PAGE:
Though Sanin had not the slightest notion of medicine, he knew one thing for certain, that boys of fourteen do not have apoplectic fits.
‘It’s a swoon, not a fit,’ he said, turning to Pantaleone. ‘Have you got any brushes?’
The old man raised his little face. ‘Eh?’
‘Brushes, brushes,’ repeated Sanin in German and in French. ‘Brushes,’ he added, making as though he would brush his clothes.
The little old man understood him at last.
‘Ah, brushes! Spazzette! to be sure we have!’
‘Bring them here; we will take off his coat and try rubbing him.’
‘Good … Benone! And ought we not to sprinkle water on his head?’
‘No … later on; get the brushes now as quick as you can.’
Pantaleone put the bottle on the floor, ran out and returned at once with two brushes, one a hair-brush, and one a clothes-brush. A curly poodle followed him in, and vigorously wagging its tail, it looked up inquisitively at the old man, the girl, and even Sanin, as though it wanted to know what was the meaning of all this fuss.
Sanin quickly took the boy’s coat off, unbuttoned his collar, and pushed up his shirt-sleeves, and arming himself with a brush, he began brushing his chest and arms with all his might. Pantaleone as zealously brushed away with the other—the hair-brush—at his boots and trousers. The girl flung herself on her knees by the sofa, and, clutching her head in both hands, fastened her eyes, not an eyelash quivering, on her brother.
Sanin rubbed on, and kept stealing glances at her. Mercy! what a beautiful creature she was!
Her nose was rather large, but handsome, aquiline-shaped; her upper lip was shaded by a light down; but then the colour of her face, smooth, uniform, like ivory or very pale milky amber, the wavering shimmer of her hair, like that of the Judith of Allorio in the Palazzo-Pitti; and above all, her eyes, dark-grey, with a black ring round the pupils, splendid, triumphant eyes, even now, when terror and distress dimmed their lustre…. Sanin could not help recalling the marvellous country he had just come from…. But even in Italy he had never met anything like her! The girl drew slow, uneven breaths; she seemed between each breath to be waiting to see whether her brother would not begin to breathe.
Sanin went on rubbing him, but he did not only watch the girl. The original figure of Pantaleone drew his attention too. The old man was quite exhausted and panting; at every movement of the brush he hopped up and down and groaned noisily, while his immense tufts of hair, soaked with perspiration, flapped heavily from side to side, like the roots of some strong plant, torn up by the water.
‘You’d better, at least, take off his boots,’ Sanin was just saying to him.
The poodle, probably excited by the unusualness of all the proceedings, suddenly sank on to its front paws and began barking.
‘Tartaglia—canaglia!’ the old man hissed at it. But at that instant the girl’s face was transformed. Her eyebrows rose, her eyes grew wider, and shone with joy.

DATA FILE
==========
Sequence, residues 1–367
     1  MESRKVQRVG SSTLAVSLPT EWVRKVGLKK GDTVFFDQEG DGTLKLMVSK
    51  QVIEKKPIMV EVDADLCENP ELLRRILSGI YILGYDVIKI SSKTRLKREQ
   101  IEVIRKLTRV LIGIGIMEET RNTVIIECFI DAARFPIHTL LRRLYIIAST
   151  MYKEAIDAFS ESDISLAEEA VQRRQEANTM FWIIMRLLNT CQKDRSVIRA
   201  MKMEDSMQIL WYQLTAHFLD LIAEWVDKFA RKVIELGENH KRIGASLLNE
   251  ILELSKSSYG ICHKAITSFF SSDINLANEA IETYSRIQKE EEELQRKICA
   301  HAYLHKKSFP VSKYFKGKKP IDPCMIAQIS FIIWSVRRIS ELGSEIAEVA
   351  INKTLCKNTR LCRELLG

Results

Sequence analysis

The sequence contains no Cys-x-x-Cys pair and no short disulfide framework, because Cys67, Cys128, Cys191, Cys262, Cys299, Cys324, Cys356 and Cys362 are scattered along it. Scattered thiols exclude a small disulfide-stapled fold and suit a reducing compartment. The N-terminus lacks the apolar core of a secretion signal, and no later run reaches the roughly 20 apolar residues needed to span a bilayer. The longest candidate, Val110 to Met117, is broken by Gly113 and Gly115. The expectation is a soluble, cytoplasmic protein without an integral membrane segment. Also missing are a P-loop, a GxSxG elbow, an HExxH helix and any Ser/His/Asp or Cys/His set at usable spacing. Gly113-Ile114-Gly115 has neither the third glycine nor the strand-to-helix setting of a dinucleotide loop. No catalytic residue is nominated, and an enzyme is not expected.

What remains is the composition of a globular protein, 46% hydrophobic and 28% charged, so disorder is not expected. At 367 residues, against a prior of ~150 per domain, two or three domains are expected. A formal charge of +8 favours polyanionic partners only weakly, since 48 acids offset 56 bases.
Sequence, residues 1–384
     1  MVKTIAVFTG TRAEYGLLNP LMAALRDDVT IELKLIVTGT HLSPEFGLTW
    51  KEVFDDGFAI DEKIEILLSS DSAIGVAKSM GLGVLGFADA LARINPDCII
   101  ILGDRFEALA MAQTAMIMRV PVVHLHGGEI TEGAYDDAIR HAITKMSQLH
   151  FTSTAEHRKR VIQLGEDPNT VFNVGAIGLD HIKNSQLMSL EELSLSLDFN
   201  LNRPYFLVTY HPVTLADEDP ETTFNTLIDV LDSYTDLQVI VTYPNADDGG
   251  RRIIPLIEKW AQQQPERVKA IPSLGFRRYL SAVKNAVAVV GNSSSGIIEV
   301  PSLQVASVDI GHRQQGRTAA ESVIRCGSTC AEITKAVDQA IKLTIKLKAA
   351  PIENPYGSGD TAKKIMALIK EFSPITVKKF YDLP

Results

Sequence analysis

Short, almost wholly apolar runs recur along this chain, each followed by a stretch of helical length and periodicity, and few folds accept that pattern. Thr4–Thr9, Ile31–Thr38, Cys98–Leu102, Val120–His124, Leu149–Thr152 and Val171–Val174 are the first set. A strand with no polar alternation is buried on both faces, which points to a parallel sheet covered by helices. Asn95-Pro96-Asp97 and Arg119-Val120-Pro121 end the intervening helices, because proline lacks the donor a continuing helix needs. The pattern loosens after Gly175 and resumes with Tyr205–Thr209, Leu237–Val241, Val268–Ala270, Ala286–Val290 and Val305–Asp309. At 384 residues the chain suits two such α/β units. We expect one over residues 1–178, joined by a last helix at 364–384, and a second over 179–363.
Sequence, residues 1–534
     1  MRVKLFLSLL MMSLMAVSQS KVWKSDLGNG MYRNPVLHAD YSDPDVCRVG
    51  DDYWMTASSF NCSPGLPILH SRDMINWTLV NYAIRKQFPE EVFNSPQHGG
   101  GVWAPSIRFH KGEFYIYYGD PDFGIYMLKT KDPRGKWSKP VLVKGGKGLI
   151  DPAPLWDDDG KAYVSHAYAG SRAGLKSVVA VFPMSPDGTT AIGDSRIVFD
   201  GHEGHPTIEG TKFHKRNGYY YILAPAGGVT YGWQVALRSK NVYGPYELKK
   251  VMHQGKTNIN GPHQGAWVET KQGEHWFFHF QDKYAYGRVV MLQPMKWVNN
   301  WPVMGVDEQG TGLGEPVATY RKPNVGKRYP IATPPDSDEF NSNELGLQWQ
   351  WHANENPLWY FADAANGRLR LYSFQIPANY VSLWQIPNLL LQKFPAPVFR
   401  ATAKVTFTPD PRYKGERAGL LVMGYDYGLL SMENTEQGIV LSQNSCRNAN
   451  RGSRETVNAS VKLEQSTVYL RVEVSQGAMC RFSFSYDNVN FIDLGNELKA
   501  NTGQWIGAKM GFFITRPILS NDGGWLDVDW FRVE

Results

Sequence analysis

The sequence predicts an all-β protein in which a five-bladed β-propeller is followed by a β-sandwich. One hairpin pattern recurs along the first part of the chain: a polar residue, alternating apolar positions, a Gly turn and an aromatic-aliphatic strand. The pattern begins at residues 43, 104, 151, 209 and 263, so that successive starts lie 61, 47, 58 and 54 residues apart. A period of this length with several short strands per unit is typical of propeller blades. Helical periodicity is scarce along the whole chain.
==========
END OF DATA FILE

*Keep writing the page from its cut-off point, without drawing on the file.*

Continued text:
Sanin looked round … A flush had over-spread the lad’s face; his eyelids stirred … his nostrils twitched. He drew in a breath through his still clenched teeth, sighed….
‘Emil!’ cried the girl … ‘Emilio mio!’
Slowly the big black eyes opened. They still had a dazed look, but already smiled faintly; the same faint smile hovered on his pale lips. Then he moved the arm that hung down, and laid it on his chest.
‘Emilio!’ repeated the girl, and she got up. The expression on her face was so tense and vivid, that it seemed that in an instant either she would burst into tears or break into laughter.
‘Emil! what is it? Emil!’ was heard outside, and a neatly-dressed lady with silvery grey hair and a dark face came with rapid steps into the room.
A middle-aged man followed her; the head of a maid-servant was visible over their shoulders.
The girl ran to meet them.
‘He is saved, mother, he is alive!’ she cried, impulsively embracing the lady who had just entered.
‘But what is it?’ she repeated. ‘I come back … and all of a sudden I meet the doctor and Luise …’
The girl proceeded to explain what had happened, while the doctor went up to the invalid who was coming more and more to himself, and was still smiling: he seemed to be beginning to feel shy at the commotion he had caused.
‘You’ve been using friction with brushes, I see,’ said the doctor to Sanin and Pantaleone, ‘and you did very well…. A very good idea … and now let us see what further measures …’
He felt the youth’s pulse. ‘H’m! show me your tongue!’
The lady bent anxiously over him. He smiled still more ingenuously, raised his eyes to her, and blushed a little.
It struck Sanin that he was no longer wanted; he went into the shop. But before he had time to touch the handle of the street-door, the girl was once more before him; she stopped him.
‘You are going,’ she began, looking warmly into his face; ‘I will not keep you, but you must be sure to come to see us this evening: we are so indebted to you—you, perhaps, saved my brother’s life, we want to thank you—mother wants to. You must tell us who you are, you must rejoice with us …’
‘But I am leaving for Berlin to-day,’ Sanin faltered out.
‘You will have time though,’ the girl rejoined eagerly. ‘Come to us in an hour’s time to drink a cup of chocolate with us. You promise? I must go back to him! You will come?’
What could Sanin do?
‘I will come,’ he replied.
The beautiful girl pressed his hand, fluttered away, and he found himself in the street.